Silent anguish of women in modern society

Amber Lin plays Chloe, who takes up wushu in school, against her mother's wishes.
Amber Lin plays Chloe, who takes up wushu in school, against her mother's wishes.PHOTO: UNSAID

REVIEW / THEATRE

EVERY SINGAPOREAN DAUGHTER By Unsaid

KC Arts Centre

Last Friday

The production Every Singaporean Daughter by arts collective Unsaid, which crowdsourced stories from Singaporean women for its plot, handled thorny topics such as gender, race relations and class divide with maturity and nuance.

Director Praveena Cartelli and playwright Marie Ee strung together multiple plotlines of characters, each struggling to reconcile her identity and desires with the crushing weight of societal and familial expectations.

The protagonist Chloe Lim (Amber Lin) picks wushu as her school activity of choice and her overprotective mother (a brilliant, indefatigable Deborah Hoon) disapproves. Chloe, however, finds her coach (Lyon Sim) making inappropriate advances towards her.

Meanwhile, her brother Daniel (Darren Guo) and his Malay- Muslim girlfriend Iman (Rusydina Afiqah Razali) also fight an uphill battle in finding family acceptance for their relationship.

One recurring theme was vulnerability and the tendency to associate women with that quality.

Chloe justified her choice of wushu by telling her family: "If I stopped fighting, I would stop living."

Her aunt Peggy, who influenced her to switch from "ballerina to batman", also practised wushu to overcome childhood insecurity. Peggy's sexual ambiguity also leads Chloe's father to dub her a lesbian, in a clear display of how society tries to box people up.

Security can be found only in a man and starting a family, as both Chloe and Iman's mothers repeatedly exort them to do. But the irony weighs heavy, as Chloe's life is undone by that in the play's brutal ending.

The tension ratchets up as she persists with wushu, but is repeatedly roughed up by her coach, who even muzzles her screams at one point.

In a stark parallel, Iman, a history graduate with political aspirations, is silenced in an argument with her chauvinistic, overbearing brother Hafiz when he threatens to stop paying for her tertiary studies.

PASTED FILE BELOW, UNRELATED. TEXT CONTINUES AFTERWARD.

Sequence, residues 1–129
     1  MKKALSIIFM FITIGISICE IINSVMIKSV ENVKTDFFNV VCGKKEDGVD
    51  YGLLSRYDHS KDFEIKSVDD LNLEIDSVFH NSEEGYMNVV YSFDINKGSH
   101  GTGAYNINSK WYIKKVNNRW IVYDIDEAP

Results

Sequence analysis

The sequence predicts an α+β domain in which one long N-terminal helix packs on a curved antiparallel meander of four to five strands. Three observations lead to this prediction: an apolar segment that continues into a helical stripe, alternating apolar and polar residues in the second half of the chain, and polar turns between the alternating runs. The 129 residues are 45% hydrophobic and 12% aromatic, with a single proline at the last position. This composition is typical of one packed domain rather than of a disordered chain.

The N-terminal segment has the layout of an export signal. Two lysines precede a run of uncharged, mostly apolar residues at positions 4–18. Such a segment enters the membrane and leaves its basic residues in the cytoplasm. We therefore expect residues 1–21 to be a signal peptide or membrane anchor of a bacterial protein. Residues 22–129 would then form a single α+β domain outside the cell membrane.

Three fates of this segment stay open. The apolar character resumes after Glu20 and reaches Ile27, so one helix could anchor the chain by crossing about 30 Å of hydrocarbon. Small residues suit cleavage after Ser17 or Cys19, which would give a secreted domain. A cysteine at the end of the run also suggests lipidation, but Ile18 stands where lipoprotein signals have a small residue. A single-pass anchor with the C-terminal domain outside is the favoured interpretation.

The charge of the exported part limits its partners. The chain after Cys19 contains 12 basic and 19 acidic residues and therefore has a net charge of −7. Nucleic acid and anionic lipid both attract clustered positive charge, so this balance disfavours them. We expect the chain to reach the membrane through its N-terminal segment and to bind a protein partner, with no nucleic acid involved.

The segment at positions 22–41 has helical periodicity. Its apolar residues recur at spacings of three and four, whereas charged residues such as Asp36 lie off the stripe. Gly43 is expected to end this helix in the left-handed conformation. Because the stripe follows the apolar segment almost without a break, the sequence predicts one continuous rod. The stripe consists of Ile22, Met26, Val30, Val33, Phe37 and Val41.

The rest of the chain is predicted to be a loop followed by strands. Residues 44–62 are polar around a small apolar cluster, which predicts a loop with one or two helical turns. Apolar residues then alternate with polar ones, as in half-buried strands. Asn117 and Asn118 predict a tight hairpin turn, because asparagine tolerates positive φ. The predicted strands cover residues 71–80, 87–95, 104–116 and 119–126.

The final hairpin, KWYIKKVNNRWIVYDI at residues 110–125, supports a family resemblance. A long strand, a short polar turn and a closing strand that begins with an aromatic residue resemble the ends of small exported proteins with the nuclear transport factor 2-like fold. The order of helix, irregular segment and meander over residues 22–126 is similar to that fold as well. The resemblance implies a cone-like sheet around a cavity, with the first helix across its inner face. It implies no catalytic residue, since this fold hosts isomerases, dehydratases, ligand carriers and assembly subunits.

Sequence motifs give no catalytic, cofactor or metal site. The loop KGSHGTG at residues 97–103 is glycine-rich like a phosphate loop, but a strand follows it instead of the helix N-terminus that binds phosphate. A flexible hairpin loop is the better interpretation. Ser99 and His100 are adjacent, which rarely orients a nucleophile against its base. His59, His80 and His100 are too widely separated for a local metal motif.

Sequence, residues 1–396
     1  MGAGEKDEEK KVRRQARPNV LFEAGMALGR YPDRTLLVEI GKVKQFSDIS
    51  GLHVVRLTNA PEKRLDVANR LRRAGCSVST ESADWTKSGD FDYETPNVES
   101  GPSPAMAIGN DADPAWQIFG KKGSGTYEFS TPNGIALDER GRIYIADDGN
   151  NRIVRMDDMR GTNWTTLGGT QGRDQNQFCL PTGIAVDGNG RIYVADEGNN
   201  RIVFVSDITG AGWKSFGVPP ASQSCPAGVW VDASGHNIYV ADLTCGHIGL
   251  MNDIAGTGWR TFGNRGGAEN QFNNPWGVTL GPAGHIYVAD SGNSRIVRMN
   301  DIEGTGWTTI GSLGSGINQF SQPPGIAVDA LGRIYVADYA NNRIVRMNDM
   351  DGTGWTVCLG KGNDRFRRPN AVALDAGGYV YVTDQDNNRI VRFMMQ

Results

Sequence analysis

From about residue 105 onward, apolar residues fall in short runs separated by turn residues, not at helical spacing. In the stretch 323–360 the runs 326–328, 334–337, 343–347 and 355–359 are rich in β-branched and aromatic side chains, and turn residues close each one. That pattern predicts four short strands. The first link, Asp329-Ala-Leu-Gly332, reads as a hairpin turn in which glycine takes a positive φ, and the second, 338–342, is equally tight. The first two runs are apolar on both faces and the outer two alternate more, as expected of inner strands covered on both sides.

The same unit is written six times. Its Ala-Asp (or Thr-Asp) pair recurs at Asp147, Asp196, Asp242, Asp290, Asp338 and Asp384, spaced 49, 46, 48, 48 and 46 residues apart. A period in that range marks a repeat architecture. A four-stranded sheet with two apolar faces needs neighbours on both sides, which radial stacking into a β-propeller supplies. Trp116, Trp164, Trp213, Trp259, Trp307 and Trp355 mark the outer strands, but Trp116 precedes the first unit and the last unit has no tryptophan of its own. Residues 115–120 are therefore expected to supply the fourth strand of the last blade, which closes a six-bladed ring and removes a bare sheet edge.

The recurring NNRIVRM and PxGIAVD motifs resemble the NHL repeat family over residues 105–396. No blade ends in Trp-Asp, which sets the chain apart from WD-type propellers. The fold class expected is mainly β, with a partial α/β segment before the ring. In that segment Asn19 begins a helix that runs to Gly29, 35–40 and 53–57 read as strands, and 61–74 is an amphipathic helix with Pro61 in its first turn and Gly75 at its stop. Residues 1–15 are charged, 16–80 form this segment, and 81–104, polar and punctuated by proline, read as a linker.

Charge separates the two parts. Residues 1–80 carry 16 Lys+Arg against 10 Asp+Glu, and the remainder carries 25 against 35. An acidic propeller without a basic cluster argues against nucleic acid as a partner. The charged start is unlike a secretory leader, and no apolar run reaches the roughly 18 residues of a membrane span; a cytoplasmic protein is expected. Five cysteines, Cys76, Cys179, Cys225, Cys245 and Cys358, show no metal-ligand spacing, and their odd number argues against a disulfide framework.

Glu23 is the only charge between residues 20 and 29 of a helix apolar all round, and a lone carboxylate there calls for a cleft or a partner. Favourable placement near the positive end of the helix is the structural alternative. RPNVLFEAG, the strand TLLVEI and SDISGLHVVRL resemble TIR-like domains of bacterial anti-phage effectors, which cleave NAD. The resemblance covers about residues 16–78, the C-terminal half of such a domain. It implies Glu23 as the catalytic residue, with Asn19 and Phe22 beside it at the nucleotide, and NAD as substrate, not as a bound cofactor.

Such scenes stick in the mind as grim reminders of how even the most dogged and vocal women are eventually felled by the power structures in society.

But the play also took pains to portray its male characters with nuance. One effective scene focused on Daniel, who runs through the pressures of growing up as a man: One must ace his physical tests, go to officer cadet school and secure a place in law school to be the perfect Singaporean son.

A revealing scene in which the Malay siblings recalled how their family unravelled in the wake of their father's death also softened Hafiz's image. Barely out of school, he had to become the head of the household.

Ee's writing sometimes veered into melodrama, especially during the family dinner scenes. But there were glimmers of potential. One instance was how Iman and Daniel broached their differences on issues such as abortion and his conversion to Islam with candour and sensitivity.

Cartelli's decision to physically project Chloe's conscience using an actor (Wendi Wee Hian) repre- sented how the character's inner desires were always at odds with her performed self and made for an interesting duality in movement. At other times, an actor's monologue was accompanied by members of the cast, which felt distracting.

But such minor hiccups did not detract from a play that portrayed the silent anguish of women in our modern yet conservative Asian society in a thoughtful and thought- provoking manner.

A version of this article appeared in the print edition of The Straits Times on July 18, 2016, with the headline 'Silent anguish of women in modern society'. Print Edition | Subscribe